“You thought? That’s the problem. Just do as I do, go where I go, don’t fucking THINK!” He glares at me, incredulous, then stares at the ground. He meditates a few seconds, then points to a pile of rubble off to the side and orders me to go over there and find lumber, mostly two-by-fours, and extract nails from them, then pile the wood in a wheelbarrow and move it to where the good lumber is stacked. Can I do that? I nod. He warns me not to walk on any nails, glancing sourly at my sneakers and snorting.
“Why you wearin’ them goddamn things?”
“They’re all I have. I play basketball in ‘em.”
“Basketball,” he grumbles. “I hate basketball. Buncha niggers jumpin’ around. I’m a stock car guy.”
Instead of telling him I hate all auto racing, I walk over and begin rooting around in the pile, painstaking labor. I bruise my knuckles. My hands turn raw and ache. I struggle extracting nails, jerking, rooting, cursing. Soon my knuckles bleed. My lower back pinches from the hammering. All my joints are stiff and arthritic from years of sports. I bungle on. By lunch time I’ve de-nailed every last board and wheel-barreled them to the lumber site.
Curt won’t look at me. “Bring your lunch?”
I shrug, having only a power bar and banana.
“Figures. You got half an hour. Ain’t enough time to go into town. Where’s your water? Gets hot in the afternoon and you need a gallon of water. I don’t want you passing out on me.”
He climbs into his truck and turns away from me, opening a big cooler and turning his radio to country western. I sit in my truck, bone-weary, dehydrated, starved, sore, dazed, resisting a strong urge to punch out Curt and flee. After my meager lunch he has me toting double-door-size slabs of siding to the lumber area. These slabs are a mix of plaster and paper and whatever, and heavy, cumbersome, unwieldy. As I haul them I have to peer down at the rocky, irregular terrain to see where I’m going, so that I am like a blind Tom careening and lurching about with these sidings, falling down several times, scraping and gouging my arms, hands raw and bleeding because I have no gloves. Each trip to the lumber area is a perilous ordeal; Curt, up on a ladder, pounding furiously, peers at me occasionally. My sweatshirt is torn and filthy and my knees skinned.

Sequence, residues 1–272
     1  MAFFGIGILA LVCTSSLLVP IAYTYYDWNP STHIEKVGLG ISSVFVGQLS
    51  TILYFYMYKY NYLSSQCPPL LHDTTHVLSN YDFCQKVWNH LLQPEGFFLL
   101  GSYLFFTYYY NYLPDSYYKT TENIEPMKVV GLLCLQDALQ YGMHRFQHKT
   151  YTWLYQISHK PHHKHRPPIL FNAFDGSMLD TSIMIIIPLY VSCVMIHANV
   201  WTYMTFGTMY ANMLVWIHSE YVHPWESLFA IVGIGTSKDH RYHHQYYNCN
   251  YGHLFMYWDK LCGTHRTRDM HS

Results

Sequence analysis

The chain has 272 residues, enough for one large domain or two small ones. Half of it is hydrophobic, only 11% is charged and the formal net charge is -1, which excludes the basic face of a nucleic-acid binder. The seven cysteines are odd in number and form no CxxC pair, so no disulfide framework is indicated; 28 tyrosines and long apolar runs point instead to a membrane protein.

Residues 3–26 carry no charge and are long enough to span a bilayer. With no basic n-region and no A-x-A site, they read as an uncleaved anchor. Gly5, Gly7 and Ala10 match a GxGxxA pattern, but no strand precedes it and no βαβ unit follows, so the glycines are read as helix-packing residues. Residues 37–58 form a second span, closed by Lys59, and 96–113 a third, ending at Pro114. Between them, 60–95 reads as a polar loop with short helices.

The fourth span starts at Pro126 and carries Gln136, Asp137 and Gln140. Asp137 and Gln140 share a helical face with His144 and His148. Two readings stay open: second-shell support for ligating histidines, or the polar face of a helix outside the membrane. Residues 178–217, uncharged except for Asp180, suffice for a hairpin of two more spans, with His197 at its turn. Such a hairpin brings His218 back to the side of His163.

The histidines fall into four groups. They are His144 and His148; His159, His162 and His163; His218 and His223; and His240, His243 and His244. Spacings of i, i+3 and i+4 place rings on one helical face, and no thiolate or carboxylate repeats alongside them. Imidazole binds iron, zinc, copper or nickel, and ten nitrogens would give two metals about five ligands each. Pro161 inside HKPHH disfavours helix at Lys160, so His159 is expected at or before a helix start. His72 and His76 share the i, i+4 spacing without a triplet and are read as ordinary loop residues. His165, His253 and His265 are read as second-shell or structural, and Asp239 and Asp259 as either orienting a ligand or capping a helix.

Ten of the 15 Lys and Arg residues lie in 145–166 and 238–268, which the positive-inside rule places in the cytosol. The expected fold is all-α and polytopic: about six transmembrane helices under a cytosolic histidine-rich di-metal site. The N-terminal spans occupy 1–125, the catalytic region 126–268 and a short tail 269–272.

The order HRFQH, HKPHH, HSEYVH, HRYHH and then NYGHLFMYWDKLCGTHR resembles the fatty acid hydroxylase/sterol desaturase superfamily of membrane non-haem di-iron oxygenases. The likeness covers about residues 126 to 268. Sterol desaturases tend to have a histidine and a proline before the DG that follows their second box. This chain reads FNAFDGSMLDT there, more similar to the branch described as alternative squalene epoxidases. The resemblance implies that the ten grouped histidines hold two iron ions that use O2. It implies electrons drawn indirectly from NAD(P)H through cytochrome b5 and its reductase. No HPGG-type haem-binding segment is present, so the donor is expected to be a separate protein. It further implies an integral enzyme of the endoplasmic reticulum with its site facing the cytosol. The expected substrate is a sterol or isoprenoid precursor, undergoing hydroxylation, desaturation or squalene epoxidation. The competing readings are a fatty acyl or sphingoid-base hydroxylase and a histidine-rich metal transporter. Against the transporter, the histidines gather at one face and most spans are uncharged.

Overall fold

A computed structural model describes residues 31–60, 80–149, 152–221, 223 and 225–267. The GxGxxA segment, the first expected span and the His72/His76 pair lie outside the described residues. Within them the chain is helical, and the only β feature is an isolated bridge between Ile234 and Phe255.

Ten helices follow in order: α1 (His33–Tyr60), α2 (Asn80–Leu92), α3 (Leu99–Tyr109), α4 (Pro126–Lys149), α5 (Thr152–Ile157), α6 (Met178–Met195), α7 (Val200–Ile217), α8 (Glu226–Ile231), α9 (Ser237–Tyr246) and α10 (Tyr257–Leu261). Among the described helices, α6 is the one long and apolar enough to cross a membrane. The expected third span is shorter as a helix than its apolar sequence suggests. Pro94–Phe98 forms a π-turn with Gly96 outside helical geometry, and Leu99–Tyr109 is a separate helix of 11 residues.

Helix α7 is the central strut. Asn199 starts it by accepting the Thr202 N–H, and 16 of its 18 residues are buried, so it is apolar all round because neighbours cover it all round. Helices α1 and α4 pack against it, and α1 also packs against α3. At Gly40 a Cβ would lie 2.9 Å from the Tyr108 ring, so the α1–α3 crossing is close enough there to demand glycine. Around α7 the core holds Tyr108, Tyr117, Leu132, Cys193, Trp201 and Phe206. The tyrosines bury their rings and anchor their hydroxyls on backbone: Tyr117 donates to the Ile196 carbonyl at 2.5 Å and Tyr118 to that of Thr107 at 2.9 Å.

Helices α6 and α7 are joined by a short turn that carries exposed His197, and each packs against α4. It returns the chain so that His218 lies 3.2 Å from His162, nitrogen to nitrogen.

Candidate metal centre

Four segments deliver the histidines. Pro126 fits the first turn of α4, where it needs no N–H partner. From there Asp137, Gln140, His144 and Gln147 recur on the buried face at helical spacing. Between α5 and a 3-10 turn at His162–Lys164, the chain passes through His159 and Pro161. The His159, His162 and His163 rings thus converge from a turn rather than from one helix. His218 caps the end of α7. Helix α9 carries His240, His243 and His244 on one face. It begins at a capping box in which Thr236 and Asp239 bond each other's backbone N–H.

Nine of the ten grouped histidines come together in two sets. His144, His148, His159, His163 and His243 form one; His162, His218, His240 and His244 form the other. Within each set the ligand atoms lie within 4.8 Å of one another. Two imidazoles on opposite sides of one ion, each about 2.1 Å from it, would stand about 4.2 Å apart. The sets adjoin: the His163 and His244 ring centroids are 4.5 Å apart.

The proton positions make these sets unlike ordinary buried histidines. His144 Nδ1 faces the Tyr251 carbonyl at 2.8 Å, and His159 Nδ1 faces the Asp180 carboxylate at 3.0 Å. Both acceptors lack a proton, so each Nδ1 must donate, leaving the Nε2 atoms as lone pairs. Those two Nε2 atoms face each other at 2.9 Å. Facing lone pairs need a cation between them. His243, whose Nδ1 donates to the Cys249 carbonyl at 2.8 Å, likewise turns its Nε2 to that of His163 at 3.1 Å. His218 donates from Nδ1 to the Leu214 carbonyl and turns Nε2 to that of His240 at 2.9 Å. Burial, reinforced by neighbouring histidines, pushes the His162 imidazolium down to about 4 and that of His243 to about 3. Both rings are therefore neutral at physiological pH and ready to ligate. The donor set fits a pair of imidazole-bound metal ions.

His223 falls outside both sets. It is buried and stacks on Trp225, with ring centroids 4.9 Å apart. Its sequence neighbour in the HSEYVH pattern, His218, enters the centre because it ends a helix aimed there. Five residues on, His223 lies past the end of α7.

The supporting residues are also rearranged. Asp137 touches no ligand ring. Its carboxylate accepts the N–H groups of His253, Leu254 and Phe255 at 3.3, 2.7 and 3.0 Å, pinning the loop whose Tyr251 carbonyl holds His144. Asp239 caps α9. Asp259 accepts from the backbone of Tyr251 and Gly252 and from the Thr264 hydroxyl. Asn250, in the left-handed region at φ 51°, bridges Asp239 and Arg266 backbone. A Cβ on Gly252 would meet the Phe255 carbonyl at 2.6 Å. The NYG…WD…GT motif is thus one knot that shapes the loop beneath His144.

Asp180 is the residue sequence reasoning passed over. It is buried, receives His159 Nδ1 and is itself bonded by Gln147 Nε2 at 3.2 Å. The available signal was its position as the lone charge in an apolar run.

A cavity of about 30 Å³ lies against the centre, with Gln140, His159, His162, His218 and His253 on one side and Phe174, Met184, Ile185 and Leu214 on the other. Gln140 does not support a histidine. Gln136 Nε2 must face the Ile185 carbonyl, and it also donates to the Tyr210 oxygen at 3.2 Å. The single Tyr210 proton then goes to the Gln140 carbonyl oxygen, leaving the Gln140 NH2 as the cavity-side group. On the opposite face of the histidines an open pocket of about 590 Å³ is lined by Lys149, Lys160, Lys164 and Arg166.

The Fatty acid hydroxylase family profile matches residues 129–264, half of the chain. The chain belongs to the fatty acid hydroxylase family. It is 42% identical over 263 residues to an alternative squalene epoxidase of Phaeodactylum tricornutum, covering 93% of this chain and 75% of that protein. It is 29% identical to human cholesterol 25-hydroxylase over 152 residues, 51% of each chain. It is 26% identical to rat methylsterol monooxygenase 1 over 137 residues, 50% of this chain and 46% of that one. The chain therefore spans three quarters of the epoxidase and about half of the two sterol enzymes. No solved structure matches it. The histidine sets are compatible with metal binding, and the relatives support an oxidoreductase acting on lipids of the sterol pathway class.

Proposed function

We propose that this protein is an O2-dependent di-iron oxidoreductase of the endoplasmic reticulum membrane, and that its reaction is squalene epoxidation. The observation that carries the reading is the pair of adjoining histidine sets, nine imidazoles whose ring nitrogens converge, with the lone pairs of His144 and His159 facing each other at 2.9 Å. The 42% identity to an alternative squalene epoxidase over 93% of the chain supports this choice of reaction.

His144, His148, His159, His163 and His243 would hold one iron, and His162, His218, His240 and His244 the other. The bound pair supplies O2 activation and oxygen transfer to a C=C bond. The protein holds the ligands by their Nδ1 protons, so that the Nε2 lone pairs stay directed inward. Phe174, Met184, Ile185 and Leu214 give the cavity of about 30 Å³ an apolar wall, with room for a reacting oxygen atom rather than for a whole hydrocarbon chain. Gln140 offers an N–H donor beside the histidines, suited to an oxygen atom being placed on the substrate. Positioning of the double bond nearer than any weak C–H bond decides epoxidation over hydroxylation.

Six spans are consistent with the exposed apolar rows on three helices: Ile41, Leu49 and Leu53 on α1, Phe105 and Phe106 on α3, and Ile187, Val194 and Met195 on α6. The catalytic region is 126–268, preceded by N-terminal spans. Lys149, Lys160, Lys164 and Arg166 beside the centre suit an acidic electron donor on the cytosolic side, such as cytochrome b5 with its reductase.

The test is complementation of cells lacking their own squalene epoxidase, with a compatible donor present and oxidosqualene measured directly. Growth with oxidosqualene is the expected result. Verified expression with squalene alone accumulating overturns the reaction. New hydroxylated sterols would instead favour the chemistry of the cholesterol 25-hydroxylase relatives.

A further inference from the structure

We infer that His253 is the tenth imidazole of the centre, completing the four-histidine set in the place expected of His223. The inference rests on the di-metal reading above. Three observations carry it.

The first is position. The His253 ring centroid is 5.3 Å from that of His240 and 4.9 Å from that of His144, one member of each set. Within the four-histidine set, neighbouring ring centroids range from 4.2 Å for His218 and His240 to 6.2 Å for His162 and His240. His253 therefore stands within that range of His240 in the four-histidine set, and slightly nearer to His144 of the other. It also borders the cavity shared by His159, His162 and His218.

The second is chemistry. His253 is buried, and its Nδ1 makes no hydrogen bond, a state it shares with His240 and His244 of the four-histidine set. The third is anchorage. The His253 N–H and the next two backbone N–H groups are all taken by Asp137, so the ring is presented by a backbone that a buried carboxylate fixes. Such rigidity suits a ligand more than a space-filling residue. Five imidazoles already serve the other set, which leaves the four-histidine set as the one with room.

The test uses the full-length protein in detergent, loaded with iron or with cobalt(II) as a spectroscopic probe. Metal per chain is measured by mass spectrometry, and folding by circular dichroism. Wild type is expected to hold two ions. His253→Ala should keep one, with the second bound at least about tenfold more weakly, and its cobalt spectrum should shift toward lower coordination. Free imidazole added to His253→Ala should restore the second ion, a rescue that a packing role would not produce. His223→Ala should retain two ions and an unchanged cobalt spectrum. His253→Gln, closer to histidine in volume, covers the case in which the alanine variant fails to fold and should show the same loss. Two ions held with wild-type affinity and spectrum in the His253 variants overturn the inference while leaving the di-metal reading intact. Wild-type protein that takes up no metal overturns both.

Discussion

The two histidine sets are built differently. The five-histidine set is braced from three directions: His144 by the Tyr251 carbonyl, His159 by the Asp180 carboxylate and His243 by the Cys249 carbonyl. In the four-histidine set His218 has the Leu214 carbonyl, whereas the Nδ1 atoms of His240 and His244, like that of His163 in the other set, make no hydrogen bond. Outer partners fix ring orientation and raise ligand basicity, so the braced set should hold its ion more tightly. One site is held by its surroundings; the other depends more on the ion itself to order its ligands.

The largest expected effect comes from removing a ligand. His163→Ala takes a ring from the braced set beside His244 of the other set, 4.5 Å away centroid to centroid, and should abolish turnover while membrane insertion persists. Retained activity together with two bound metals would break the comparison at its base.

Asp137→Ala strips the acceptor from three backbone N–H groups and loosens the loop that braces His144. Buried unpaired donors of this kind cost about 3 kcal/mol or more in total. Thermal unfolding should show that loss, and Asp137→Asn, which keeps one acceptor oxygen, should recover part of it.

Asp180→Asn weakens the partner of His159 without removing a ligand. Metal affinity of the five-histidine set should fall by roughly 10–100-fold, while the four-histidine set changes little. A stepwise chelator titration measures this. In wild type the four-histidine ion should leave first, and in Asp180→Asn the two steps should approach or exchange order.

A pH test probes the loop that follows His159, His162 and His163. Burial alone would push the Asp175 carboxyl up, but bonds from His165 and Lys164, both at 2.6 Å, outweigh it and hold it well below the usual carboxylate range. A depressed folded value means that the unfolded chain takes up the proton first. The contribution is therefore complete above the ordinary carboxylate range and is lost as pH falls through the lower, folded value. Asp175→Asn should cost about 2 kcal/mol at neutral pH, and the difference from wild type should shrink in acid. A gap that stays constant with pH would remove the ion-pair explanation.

The owner of the estate pulls up in a gigantic pickup, a broad, bulge-gutted, beef-faced man in boots, western shirt, Stetson. He talks in a jovial, familiar manner to Curt, whose attitude becomes solicitous. A school bus pulls up on the country road below and deposits two young girls who walk toward the mansion toting book packs. They are nattily dressed. A young, pretty mother meets them at the door. Minutes later they all pile into the SUV, clad in white tennis outfits, carrying racket cases. After the owner drives off, a rugged-looking guy in a ball cap drives up in another pickup with WALT’S ROOFING on the door. As he and Walt visit, the roofer, from time to time, glances over at me as I stumble along with the siding as if I am a zoo animal. As I try to reach down and snare the belt, it slips to my knees and I go down, landing on my back, gouging my buttocks on a sharp rock, the siding atop me like a triumphant wrestler. I quickly shed the siding and jump to my feet and adjust the tool belt while the roofer and Curt watch me, shaking their heads as I try to balance the siding. I make it to the pile. The roofer drives off. It takes me most of the afternoon to move all the siding.